Blending the traditional manuscript with live code, data and interactive figures, we showcase a new way for researchers to tell their full story.
By Giuliano Maciocci, Michael Aufreiter and Nokome Bentley
In September 2017 eLife announced the start of the Reproducible Document Stack (RDS) project, a collaboration between Substance, Stencila and eLife to support the development of an open-source technology stack aimed at enabling researchers to publish reproducible manuscripts through online journals. Reproducible manuscripts enrich the traditional narrative of a research article with code, data and interactive figures that can be executed in the browser, downloaded and explored, giving readers a direct insight into the methods, algorithms and key data behind the published research.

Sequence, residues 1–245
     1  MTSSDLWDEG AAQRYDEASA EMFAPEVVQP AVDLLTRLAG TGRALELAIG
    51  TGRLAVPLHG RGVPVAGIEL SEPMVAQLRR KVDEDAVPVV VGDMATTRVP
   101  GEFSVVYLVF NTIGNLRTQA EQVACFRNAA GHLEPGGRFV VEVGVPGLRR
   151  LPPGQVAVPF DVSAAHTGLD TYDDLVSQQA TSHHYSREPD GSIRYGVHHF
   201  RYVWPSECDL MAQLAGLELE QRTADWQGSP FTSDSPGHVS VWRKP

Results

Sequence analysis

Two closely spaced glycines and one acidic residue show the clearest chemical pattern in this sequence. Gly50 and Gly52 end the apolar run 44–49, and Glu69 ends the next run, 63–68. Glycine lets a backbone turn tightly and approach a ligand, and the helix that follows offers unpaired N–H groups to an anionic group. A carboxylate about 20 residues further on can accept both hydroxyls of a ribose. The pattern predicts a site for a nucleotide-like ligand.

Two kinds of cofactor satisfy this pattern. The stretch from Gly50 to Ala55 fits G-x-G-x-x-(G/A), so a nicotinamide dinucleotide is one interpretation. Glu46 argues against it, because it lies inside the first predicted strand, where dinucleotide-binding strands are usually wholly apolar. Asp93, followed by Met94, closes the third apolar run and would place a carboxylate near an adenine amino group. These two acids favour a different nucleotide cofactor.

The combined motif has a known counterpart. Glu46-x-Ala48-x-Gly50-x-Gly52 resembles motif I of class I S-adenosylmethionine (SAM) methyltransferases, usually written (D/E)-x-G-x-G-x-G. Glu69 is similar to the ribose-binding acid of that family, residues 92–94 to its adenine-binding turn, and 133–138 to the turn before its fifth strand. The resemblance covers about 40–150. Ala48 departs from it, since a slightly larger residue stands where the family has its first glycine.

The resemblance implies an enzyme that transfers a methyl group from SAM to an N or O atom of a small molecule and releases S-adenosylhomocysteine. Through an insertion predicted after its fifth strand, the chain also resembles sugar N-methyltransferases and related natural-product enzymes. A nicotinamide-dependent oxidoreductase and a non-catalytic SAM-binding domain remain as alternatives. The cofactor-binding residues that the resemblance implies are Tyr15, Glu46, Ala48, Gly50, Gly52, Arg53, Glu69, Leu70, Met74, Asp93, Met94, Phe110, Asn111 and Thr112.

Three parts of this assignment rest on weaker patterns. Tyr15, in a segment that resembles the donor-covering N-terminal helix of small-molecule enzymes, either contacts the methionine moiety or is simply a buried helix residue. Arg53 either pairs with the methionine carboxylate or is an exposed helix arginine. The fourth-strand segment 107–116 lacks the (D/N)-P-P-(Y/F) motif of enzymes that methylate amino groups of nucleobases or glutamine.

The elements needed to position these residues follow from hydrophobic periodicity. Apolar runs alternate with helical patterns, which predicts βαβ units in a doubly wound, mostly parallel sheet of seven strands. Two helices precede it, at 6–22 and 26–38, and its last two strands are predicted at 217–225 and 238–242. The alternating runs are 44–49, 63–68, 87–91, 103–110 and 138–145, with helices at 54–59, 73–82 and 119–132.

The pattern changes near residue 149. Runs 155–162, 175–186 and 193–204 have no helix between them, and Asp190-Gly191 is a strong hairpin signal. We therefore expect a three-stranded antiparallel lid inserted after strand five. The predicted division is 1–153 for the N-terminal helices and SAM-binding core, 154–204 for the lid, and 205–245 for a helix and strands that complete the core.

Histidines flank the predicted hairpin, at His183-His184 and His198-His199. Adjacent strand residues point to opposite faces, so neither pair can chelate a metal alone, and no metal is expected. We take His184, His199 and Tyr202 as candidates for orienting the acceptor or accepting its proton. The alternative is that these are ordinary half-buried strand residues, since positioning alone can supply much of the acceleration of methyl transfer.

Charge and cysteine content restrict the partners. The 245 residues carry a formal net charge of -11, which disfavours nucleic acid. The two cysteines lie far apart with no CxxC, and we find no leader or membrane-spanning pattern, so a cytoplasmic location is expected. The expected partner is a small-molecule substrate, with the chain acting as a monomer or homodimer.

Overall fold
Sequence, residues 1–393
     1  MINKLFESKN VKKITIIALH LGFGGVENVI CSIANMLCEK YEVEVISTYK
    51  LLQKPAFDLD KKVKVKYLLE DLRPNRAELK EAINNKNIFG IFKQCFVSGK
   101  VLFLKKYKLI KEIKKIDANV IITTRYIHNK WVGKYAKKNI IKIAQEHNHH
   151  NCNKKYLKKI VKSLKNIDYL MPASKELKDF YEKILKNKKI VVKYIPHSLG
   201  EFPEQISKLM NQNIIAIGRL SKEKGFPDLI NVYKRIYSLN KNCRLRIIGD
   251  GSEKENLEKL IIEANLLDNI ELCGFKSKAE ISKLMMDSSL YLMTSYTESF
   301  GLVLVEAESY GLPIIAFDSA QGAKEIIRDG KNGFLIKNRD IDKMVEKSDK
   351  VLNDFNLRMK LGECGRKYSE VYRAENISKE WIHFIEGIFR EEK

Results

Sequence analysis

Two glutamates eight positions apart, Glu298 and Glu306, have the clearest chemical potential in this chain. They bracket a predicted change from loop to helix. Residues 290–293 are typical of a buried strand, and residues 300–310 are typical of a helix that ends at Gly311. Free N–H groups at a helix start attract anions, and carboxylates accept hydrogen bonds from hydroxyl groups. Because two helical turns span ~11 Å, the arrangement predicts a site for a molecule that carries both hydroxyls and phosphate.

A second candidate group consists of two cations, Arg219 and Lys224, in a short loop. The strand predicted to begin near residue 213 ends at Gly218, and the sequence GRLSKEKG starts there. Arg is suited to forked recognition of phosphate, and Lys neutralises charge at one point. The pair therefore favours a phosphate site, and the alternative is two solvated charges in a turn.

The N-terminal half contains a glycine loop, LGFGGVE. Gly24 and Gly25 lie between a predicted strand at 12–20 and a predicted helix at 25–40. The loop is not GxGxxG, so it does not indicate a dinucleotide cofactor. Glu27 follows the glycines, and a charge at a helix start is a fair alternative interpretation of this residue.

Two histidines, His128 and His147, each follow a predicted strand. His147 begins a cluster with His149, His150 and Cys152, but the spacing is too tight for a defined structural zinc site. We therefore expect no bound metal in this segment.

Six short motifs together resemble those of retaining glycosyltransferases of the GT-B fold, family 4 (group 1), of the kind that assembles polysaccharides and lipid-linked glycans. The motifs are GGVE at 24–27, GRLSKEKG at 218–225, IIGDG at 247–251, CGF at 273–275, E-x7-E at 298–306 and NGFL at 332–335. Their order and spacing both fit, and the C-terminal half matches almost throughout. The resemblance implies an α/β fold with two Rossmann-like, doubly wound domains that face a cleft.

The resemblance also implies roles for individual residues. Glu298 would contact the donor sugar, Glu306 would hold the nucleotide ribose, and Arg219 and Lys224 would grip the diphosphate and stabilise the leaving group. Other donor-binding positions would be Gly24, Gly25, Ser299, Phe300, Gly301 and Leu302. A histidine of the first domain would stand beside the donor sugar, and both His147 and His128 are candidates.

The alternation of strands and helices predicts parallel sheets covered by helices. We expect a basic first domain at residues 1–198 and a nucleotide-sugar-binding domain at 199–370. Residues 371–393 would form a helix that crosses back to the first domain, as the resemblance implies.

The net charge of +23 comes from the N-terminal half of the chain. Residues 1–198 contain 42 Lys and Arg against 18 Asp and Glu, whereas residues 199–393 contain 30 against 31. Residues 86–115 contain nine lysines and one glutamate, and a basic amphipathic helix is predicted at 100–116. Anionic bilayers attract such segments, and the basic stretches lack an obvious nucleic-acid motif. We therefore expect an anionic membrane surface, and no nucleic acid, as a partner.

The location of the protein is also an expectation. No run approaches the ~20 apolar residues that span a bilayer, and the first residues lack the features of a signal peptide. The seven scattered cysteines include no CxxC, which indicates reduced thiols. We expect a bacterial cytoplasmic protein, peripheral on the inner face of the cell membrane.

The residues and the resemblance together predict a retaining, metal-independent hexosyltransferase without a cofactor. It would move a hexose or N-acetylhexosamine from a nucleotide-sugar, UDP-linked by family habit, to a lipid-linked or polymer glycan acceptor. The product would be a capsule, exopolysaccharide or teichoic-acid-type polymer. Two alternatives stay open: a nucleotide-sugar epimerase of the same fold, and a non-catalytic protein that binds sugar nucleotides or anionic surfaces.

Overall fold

Today eLife, in collaboration with Substance, Stencila and Tim Errington, Director of Research ar the Center for Open Science, US, published its first reproducible article, based on one of Errington’s papers in the Reproducibility Project: Cancer Biology. This reproducible version of the article showcases some of what’s possible with the new RDS tools, and we invite researchers to explore the newly available opportunities to tell their story.
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